And when he ran out of meat to eat and bones to chew, he ate everything in sight. He ate bodies off the waves, he ate the burned wood, he ate the stones of Esgaroth – he ate a barge loaded high with gold and precious gems, licking every coin and jewel up greedily. So he ate until there was nothing left near, until his Hunger finally was satisfied that the meal was done and he could pronounce himself full, his plate well-polished.
A day and a night had passed so and when dawn broke on the second day of Erebor's reclaiming and Lake-town's destruction, it dawned on a dragon as big, if not bigger than Smaug the Firedrake – and oh so well fed.
Spreading out his massive wings, Bilbo Baggins of Shire looked down on himself – and saw what he'd Become. His scales weren't iron – they were gold that gleamed and shone, his plate mail of scales whole and unbroken. His talons weren't spears – they were swords and quietly he mourned for Sting and its sad fate. His wings were vast and long and they shone golden and bright and he knew that he could fly on them, that they'd carry him far.
But he was different from Smaug. He had a mane of hair behind his horns and he could see in his reflection on the waves that he had pointed ears on his head. He had bronze hair on his hind legs, thick and long like stocking on a Shire pony, very fine indeed. Truly, he was a very Hobbitish dragon…
But a dragon was what he'd Become all the same. In a land that was very vehemently against dragons, especially so as of late.
"Oh Bilbo," he sighed at himself in his vast draconian form and his voice resonated deep and mournful in his chest. "What have you gotten yourself into now? What have you Become now?"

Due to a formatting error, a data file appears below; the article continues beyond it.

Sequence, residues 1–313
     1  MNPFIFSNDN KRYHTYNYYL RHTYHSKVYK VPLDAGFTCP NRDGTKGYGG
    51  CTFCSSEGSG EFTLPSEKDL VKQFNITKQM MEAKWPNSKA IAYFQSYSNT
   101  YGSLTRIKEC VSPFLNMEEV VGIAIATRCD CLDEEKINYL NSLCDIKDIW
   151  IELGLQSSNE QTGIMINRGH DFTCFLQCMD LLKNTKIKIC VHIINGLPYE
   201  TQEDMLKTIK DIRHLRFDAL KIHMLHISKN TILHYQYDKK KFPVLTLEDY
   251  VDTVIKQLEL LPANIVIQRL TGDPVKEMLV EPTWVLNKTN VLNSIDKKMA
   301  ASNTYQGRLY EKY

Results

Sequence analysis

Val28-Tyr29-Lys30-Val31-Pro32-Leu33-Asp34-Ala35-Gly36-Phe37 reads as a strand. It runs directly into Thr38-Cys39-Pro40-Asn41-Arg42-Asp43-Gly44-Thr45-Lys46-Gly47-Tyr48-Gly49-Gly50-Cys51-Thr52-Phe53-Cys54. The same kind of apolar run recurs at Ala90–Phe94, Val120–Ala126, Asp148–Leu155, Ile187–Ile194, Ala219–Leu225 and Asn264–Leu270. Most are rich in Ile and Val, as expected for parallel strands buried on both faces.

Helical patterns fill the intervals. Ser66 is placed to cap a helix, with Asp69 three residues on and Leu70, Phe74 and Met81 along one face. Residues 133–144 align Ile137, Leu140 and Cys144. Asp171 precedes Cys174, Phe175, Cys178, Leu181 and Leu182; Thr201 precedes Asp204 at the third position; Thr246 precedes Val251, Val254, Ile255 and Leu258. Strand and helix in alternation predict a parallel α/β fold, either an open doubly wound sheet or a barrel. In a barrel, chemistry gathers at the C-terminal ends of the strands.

His belly was full and he felt no hunger, but the shame that rolled over him was worse than any starvation he had ever felt. He had given in, he had broken like all those that had Become something else, fallen to their baser instincts that they'd fought for centuries and more. This was what his people had been created for and he knew, a vile dark thought, that was this an Age ago, he'd be the pride of the Dark Forces of all Things Fell. This was just the thing that they'd been made for – to devour things greater than themselves, and to Become those things.
For a moment Bilbo wondered if Smaug had once been like him – if he'd Hungered and Become too, if he'd been something else before. And if so, then would Bilbo become what Smaug had been, a dark beast of greed and desolation, lonesome in his terribleness? He thought longingly of the roiling hills of the Shire, the great feasts of his kin, and mourned the fact that never again could he join those tables and share in that plenty. Even if the Shire accepted him as he was now, which they might but they might not… he could not go back.
If he went back as he was, he'd only trigger the Hunger in others, and he'd be devoured like he'd devoured.
He could not go back.
"Now what will you do, oh Barrel Rider, oh Dragon Riddler?" Bilbo murmured, lowering his head and looking at himself. He was very magnificent to look at, no doubt about it. And it was oh so easy to settle into his form – it was as natural as anything. Talons in place of toes, claws in place of fingers, fangs for teeth and scales for skin: he was truly a dragon now, and he felt perfect as he was. He felt like himself, truly, and he was rather glad that the stories of Becoming had left that out, the naturalness of it. It was all too easy, to leave behind the hobbit-form and Become, it turned out.
But natural or not, it did not save him the sadness and the confusion and the knowledge that he had no place to go now, no place to be, no people he could safely claim his own. Bilbo Baggins of Bagend would die here, he knew, for there were secrets here that could not lead back to the Shire. That only made his fate lonelier still.